Ensuring an organized workspace and knowing the functions provided by a specific colored cable are critically important in any electrical setting. Putting the effort into planning out cable management ahead of time is always a good idea. A neat, organized structure makes it much easier to find the cable you are looking for whenever something needs to be unplugged or when trying to simplify knowing which cables perform what operations. Color coding your power cords can ease a complex situation and help you keep your peace of mind when trying to figure out a problem.
In the age of the Internet, it is easier than ever before to be a thrifty shopper and find a bargain. When shopping around for any product, after a while you start to get a sense of what kind of price that particular item usually goes for. But as you dig around the Internet a bit more, you may stumble across an even better price. One that blows those other prices away. Something that seems too good to be true. And as the old saying goes: if something seems too good to be true, it probably is.
A power cord may seem simple at a glance, but there is a lot that goes into making one. A proper power cable is made of various materials in a specific fashion according to industry and government standards. However, there are many websites online that sell cables cheaply because their products do not meet those regulations. Sub-par cables are likely to burn out (literally as well as figuratively) quickly and can
Power cords, simply put, can be dangerous. Now when you think of the word “dangerous”, a power cord is probably not the first image that jumps into your head. And granted, a regular power cord is not as dangerous as something like a high voltage line at a substation. But while you may not need to be a licensed electrician to plug something into a wall outlet, it is important to remember that accidents do happen.
According to the U.S. Consumer Product Safety Commission (CPSC), roughl
Product certifications are as important for cabling as for any other industry. No one wants to run the risk of winding up with sub-par products that do not work or, worse, cause damage to other devices (or people). With so many different certifications spread across just as many different industries, it can be hard to keep them straight. For cables, there are a few key certifications to keep an eye out for:
- Prop 65
Each of these certifications has different definitions covered below. Some or even all of them may not apply to an item depending on what kind of item is in question. For example, certifications for an ethernet cable will not be the same as ones for a patch panel. Other c
So, you need a new power cord. Maybe the old cord for your TV got lost when you were moving, or that new computer did not have a power cord in the box when you opened it. For whatever the reason, you need something to make that power button light up when you push it.
There are different types of power cords out there so step one will be determining which kind you will need. But even after you narrow that down, there are still other factors to take into consideration. The first cord you find may be able to do the job, but it is important to make sure the job is done right.
SAINT LOUIS, Missouri, Mar. 4, 2019 – ShowMeCables, an Infinite Electronics brand and leading supplier of connectivity solutions, is proud to announce their new line of power cords. Consisting of over 300 different types of NEMA, IEC, international, hospital grade and angled cords, this new line ensures that ShowMeCables will continue to serve the power demands for IT, Data Center and OEM markets. Readily available power cords include lengths from 1-25 feet, multiple colors, plug orientations, and wire gauges.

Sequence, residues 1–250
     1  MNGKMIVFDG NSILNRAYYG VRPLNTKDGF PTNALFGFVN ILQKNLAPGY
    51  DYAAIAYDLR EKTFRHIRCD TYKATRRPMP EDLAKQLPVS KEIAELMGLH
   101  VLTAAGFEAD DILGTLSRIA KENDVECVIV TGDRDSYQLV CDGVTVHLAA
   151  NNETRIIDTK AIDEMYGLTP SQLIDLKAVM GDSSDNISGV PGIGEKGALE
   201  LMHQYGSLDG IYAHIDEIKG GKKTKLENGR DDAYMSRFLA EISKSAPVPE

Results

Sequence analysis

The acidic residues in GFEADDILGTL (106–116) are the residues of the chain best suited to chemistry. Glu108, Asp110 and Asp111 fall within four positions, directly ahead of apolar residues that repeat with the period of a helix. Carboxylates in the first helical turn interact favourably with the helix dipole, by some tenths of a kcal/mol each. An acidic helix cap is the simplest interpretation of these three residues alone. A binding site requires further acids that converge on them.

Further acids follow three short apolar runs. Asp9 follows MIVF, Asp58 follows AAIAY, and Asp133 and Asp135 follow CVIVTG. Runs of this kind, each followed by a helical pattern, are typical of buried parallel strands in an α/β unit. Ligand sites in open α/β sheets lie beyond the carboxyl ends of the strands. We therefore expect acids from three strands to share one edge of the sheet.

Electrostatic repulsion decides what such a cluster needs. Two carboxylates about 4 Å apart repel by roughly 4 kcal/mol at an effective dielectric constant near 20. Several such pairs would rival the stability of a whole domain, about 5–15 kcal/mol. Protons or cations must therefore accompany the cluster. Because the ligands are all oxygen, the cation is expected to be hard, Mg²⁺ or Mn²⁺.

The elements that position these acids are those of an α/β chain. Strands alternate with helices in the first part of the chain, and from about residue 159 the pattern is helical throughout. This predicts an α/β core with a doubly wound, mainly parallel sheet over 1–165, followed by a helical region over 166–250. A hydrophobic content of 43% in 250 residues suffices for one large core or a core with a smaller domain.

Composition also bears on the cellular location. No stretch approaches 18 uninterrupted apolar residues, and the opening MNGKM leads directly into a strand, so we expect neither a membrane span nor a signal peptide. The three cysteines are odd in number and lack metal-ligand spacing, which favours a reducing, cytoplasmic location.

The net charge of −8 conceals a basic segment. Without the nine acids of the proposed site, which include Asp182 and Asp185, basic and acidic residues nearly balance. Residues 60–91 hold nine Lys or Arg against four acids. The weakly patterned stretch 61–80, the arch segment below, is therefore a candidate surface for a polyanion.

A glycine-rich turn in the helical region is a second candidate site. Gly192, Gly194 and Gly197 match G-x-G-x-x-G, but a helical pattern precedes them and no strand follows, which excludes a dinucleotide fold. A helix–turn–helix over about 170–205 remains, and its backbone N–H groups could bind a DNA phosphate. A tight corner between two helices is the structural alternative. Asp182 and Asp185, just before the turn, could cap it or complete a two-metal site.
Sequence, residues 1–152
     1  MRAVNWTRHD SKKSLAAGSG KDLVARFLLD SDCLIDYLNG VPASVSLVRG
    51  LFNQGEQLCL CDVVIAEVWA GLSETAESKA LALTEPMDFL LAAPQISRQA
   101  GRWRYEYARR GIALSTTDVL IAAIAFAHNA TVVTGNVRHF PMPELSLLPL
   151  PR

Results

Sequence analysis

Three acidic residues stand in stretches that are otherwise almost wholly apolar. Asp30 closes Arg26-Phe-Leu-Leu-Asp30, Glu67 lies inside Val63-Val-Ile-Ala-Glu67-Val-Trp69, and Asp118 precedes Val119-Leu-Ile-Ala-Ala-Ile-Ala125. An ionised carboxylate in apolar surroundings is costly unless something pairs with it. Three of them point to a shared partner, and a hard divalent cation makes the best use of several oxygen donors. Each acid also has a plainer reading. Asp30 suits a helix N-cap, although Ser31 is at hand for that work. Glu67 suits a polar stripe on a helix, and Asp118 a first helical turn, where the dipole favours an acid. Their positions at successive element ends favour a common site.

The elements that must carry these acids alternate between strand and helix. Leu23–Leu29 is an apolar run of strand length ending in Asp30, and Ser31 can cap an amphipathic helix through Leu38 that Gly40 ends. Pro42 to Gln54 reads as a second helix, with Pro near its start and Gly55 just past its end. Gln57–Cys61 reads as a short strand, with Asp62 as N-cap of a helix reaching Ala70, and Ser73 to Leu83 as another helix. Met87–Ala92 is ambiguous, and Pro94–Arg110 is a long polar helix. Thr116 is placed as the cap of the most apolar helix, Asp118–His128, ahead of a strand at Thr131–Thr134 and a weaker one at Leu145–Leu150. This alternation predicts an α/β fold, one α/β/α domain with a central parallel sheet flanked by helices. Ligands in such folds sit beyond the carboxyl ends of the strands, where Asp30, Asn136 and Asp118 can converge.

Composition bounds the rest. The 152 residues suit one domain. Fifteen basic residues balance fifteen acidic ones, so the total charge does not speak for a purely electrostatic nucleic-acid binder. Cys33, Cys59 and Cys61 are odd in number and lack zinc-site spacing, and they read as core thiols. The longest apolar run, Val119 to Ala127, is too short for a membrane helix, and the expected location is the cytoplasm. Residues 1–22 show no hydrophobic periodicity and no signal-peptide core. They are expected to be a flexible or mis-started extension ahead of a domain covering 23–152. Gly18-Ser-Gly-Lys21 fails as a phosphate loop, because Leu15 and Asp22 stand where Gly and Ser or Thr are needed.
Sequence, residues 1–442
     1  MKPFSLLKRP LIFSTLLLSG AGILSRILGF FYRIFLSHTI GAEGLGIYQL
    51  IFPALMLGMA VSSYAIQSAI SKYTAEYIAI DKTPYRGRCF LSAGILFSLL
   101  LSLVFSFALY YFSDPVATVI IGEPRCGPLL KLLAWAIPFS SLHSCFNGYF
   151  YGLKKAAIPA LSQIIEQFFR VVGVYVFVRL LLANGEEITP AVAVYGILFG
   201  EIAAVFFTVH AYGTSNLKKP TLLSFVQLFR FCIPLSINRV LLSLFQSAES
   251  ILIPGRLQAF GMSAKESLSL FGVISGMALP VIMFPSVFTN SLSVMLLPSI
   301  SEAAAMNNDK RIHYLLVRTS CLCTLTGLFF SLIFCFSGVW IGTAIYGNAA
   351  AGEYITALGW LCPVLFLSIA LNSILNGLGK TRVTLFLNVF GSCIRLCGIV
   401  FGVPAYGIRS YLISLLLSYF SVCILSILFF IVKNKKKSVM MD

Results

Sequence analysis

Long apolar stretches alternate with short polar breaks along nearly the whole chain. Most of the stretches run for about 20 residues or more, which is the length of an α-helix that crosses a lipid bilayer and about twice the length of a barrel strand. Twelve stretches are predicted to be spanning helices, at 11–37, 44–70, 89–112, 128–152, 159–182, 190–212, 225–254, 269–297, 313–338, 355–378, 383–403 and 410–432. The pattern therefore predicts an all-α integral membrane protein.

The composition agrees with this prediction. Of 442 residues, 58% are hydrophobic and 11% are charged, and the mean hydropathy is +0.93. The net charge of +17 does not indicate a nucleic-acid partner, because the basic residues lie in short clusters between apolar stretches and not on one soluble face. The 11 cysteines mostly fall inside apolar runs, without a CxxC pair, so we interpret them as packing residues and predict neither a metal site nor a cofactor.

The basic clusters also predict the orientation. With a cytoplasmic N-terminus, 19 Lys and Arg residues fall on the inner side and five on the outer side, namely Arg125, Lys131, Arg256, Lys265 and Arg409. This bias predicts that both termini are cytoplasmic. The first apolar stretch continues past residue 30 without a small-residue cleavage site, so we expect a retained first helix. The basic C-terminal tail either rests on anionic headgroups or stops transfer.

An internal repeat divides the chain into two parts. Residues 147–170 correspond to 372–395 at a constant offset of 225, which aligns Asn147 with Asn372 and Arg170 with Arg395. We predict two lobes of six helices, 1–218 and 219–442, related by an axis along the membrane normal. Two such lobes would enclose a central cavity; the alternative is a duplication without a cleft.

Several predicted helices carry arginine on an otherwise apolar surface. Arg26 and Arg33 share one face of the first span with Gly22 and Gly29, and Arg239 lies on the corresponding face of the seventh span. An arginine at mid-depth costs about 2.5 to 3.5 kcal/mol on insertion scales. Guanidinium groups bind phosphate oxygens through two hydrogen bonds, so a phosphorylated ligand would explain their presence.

ShowMeCables’ manufacturing process emphasi
Ethernet cables are used to connect everything with an Internet connection today. Even wireless devices like tablets and smartphones have to connect to other devices like routers that are themselves run off ethernet. While the world wide web did not start booming until the late 90s, ethernet’s origins can be traced back to the 1970s.
Robert Metcalfe, the engineer who laid the groundwork for the Internet by co-inventing ethernet.
Setting up a network sounds easy. Just run some ethernet cable, plug it into your computers and other equipment, and everything is good to go. However, that is a bit of an oversimplification. Under ideal conditions, things really would be that simple. But conditions do not start out ideal and how close they are to the mark largely depends on the prep work.
The best way to prevent any problems is to avoid them entirely. Knowing which mist
The term splitter gets thrown around pretty often when it comes to cables. The average splitter works by taking an input signal and dividing it into multiple output signals. For example, on a two-way splitter each output will have half the normal strength since the signal is divided by two. However, this is not how ethernet signals work.
Simply put, ethernet signals cannot be divided the way audio/video signals can. There are devices called ethernet splitters, but they work differently from other kinds of signal splitters. However, a different device called a network switch can be used with ethernet cables for the same effect.
The ability to just click a button and connect to WiFi on almost any modern device is hard to pass up. On the other hand, ethernet is still around after years of WiFi so surely it has its advantages. The truth is that both options have ups and downs. Your priorities as a user will be the ultimate deciding factor for determining which is better.
Wired Connections - Ethernet
Ethernet is older and better tested than WiFi, maintaining a number of benefits. Physical connections are faster and provide greater reli